2

I think the bits as basically very low quality. When you go to your favorite store, simply buy one of the contractor grade of bits like DeWalt, Kolbalt, Irwin, Vermont American etc. Be careful what kind of jobs you tackle with your light duty screwdriver. I'm sure it does not have the power to drive longer screws into hard woods like decking etc. You have to ...


1

It's known as a Spanner Screw. It sometimes is slots, other times two small holes.


1

Think of it this way; is it easier to replace a broken bit or remove a screw with a stripped out head? It is always easier to replace the bit. It sounds like you may need to work on your technique a little. Bits shatter like you are describing from the shock received from coming to a quick stop at the end of its travel. It is best to ease the screw in the ...


1

As @shirlock homes has stated it sounds like a low quality bit. I am unsure of the durability of the coated bits you mentioned as it is often a marketing ploy. Some manufacturers coat a low quality bit in an exotic sounding material. What you get is a cheap bit with a very thin layer coating it. If you haven't noticed the major "Pro" lines don't make these ...


1

I have just finished renovating an outdoor furniture set. This involved removing and replacing about 180 wood screws. The things I found that worked best are: Clean around the screw head as much as possible, to free it up from anything around it. Wood screws can become embedded, and the wood covering them hardens over the years, especially if ...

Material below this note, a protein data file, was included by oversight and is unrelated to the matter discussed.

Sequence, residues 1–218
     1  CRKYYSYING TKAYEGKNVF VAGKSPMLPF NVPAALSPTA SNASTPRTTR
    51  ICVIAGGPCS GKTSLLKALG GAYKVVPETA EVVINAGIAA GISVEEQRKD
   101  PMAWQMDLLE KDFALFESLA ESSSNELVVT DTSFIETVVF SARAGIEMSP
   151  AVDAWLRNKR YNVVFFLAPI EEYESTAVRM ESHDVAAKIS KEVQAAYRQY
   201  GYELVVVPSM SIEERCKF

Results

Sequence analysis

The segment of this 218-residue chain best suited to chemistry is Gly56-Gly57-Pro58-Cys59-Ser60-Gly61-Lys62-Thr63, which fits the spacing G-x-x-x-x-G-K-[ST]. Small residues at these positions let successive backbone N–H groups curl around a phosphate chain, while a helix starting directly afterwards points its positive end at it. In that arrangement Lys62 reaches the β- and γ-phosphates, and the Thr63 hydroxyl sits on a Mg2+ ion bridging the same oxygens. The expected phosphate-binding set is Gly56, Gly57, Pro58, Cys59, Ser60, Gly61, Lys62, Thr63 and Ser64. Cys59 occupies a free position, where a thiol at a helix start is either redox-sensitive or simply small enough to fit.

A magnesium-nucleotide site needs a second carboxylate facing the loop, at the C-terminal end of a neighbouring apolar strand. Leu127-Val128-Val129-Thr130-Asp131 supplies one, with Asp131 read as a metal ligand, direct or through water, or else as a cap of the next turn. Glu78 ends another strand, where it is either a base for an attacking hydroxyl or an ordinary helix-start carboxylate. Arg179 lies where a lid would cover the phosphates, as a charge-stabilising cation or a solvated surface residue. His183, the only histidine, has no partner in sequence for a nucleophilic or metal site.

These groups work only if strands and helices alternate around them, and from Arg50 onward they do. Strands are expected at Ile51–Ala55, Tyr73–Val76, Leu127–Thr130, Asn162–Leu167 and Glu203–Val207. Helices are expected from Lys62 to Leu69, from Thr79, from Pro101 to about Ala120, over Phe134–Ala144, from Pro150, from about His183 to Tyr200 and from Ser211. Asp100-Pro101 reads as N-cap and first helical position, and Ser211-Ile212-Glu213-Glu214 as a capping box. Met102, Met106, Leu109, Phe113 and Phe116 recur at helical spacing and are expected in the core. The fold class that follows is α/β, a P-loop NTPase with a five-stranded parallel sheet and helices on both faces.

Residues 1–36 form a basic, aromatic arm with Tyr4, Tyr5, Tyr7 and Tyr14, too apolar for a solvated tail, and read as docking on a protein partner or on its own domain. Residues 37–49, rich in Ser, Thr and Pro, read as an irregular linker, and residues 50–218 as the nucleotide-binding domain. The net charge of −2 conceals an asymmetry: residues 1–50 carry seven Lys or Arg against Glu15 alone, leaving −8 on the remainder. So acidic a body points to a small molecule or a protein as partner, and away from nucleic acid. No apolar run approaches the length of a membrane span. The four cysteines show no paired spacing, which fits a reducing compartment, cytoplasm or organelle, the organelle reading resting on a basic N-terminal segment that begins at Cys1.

1

As an absolute last resort, get a hole saw just larger than the screw head and bore down over the screw, then lever out the screw with a chisel or screw driver. Once out, glue in a plug and bore for another screw.


1

I like driving a few screws by hand once in a while because it's an incredible forearm workout (in case you're seeking more purpose in your exercise regime). At least with wood; I've never tried concrete.


1

Currently the most common type of screw used on small electronic and household equipment seems to be Phillips head (named for the inventor, Henry F. Phillips). These come in a variety of sizes. The most common size is a #2 head, but many items use the smaller #1, and even the #0 size. There are even smaller sizes available in specialty sets for very small ...